Perhaps it was naïve of me, but I had already mostly assumed Ketch intended to help Dean find and rescue Mary – and possibly Jack, but at least Mary. Dean, obviously, had not made this assumption. I thought their interaction as they trudged through the snow on their adjusted mission of rescue alt-Charlie was not only good, but entirely believable. Dean doesn’t trust Ketch (for good reason), Ketch knows this and he’s naturally shady and I suspect he just plain enjoys keeping other people on their toes regardless. They’re both alpha-male types by nature, so left alone they’re bound to butt heads. They have vastly different styles of doing … everything. Making what will happen a complete guessing game. Do I think we can safely trust Ketch? Ha! I will never fully trust Ketch. I do trust that with the British Men of Letters out of the picture (thank you, Chuck), his priority is himself. He will lie, switch allegiances, manipulate who- or what- ever he may have to in order to stay alive. And preferably under the radar. Do I think he feels any guilt or remorse for the things he did as a puppet for the British Men of Letters? I do, actually. I also think that if he had a safe, convenient, or otherwise beneficial opportunity to make some of that guilt go away, he’d do it. You know, like help Dean rescue the alternate reality version of a friend he failed to save. I am also at least 75% convinced of the legitimacy of his fear of Asmodeus….
Moving along to Charlie. Charlie! Who cheered with me? I know you’re out there! That was an unexpected, but entirely satisfying, twist to the episode. And she was so much like the Charlie we knew before that I was halfway convinced she was our Charlie, somehow stuck in Apocalypse World and using her ‘real’ world knowledge gained via Dean, Sam, Castiel, and Supernatural to help fight Michael. Some personalities just stick, I guess! It was fun to see her, great to see her stick to her guns, and heartwarming – and breaking – to watch Dean’s desperation to save her. Knowing all the while she isn’t technically the Charlie he knew before. Those flashbacks, that conversation with Ketch, it was powerful. Impactful. I’m sad it wasn’t our Charlie somehow! What a twist that would’ve been! But hopefully we’ll get to see some more of her by the end of this season, if nothing else.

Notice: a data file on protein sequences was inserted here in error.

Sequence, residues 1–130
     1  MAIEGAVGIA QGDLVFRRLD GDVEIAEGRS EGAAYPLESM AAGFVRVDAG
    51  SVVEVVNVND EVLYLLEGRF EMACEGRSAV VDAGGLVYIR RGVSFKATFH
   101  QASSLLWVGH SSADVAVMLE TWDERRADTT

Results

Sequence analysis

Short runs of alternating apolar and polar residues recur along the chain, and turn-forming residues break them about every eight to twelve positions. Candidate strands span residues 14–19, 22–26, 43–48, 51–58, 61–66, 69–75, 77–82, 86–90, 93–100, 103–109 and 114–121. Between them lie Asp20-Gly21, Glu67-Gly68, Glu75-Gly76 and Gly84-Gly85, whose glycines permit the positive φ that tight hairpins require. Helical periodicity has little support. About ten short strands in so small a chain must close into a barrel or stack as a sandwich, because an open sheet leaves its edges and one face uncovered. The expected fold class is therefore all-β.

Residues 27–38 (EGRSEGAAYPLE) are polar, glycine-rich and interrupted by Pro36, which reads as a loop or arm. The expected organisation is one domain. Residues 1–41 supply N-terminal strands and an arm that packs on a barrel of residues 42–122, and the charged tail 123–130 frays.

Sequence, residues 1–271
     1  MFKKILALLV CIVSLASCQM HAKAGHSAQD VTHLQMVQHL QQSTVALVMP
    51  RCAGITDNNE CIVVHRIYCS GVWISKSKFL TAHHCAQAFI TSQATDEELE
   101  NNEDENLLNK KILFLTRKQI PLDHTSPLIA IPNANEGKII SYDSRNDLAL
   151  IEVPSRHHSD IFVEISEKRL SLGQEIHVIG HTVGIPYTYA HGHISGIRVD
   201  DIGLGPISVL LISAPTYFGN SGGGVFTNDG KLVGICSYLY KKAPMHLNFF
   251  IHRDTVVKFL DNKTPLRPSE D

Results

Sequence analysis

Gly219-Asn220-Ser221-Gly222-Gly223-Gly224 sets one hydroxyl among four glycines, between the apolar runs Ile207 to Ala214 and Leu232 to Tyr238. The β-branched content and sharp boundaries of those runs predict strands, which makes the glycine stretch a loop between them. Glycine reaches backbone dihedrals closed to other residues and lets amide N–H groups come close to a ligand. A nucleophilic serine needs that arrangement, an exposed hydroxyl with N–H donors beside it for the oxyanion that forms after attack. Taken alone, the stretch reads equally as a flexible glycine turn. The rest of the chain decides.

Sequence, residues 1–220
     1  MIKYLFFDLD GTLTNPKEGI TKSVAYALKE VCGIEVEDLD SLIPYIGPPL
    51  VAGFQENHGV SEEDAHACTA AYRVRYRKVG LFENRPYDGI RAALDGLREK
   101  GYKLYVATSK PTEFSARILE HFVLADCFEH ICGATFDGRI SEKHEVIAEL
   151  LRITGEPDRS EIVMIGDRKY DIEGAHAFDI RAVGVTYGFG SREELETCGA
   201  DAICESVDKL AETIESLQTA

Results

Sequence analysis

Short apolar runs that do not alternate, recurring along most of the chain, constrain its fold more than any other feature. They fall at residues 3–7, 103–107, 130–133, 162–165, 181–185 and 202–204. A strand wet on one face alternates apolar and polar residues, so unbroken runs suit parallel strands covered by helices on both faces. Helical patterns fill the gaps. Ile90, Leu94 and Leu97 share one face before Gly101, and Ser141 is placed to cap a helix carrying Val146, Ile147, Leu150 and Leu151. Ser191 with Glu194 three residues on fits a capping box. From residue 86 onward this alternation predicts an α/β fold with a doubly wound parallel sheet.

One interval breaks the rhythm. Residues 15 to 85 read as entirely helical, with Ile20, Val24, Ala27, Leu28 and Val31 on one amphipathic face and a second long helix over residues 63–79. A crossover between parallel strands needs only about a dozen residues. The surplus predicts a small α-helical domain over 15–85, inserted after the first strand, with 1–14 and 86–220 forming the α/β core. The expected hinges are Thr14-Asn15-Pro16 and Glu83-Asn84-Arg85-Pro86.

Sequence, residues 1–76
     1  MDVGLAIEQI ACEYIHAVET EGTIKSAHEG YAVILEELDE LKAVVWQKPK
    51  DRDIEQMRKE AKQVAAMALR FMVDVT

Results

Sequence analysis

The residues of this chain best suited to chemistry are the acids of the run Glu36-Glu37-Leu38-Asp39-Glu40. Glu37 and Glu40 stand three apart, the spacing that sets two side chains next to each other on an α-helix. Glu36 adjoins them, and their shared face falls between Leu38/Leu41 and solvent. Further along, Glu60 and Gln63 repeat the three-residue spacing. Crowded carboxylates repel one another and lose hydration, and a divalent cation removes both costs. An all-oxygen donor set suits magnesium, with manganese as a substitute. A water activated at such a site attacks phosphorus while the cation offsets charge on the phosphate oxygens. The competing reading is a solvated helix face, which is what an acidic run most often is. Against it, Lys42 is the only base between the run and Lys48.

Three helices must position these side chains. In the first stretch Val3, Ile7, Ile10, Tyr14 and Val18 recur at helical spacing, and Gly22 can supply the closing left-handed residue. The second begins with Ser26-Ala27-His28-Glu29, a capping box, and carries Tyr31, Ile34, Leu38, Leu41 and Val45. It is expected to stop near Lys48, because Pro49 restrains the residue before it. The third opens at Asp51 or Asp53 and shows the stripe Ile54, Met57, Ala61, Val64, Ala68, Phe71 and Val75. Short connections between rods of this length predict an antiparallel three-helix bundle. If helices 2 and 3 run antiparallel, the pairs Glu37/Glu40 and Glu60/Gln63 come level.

As for the episode’s most significant plotline, well … Gabriel’s back, baby! And okay, we all wanted him to stay and help fight in the upcoming battle everyone’s anticipating. But honestly, how could Sam and Cas be surprised he bailed like he did? Wait, I’m getting ahead of myself. Watching the self-confident, always joking archangel so frightened and somber was jarring. It’s a bit hard to believe he could have been that badly tortured without being noticed. But then again, he was dead, right? Still, to be afraid of retaking his own grace was telling. Very, very telling. The writing on the wall trope has been done, sure, but it’s within Gabriel’s style and that’s why it works. Not to mention it’s how we, the viewers, learn how he went from dead to captured without having him monologue it entirely. And as a result of learning this story, and then Sam’s later commentary, Gabriel finally speaks. I mean, he’s gotta correct Sam on his facts about those porn stars.
Fast forward to Asmodeus’ attempt to reclaim Gabriel. Instead Gabriel hurled the men restraining him to the ground below and with a show of his repaired wings, burns Asmodeus completely out of existence. (We hope.) Let’s take a small breath of fresh air while that monstrosity’s gone, because it’s not likely to be long before Michael makes his arrival. A fact that, once everything else is explained to Gabriel, Gabriel promptly backs away from. He wants no part in a fight. Fighting’s not his style. It never has been. And that is why Sam, Cas, and Dean shouldn’t have been so shocked that Gabriel ditched.
So now it’s back to the drawing board. They need more angel grace and the clock is nearing its proverbial midnight.
Supernatural airs on The CW on Thursdays. Check your local listings for times.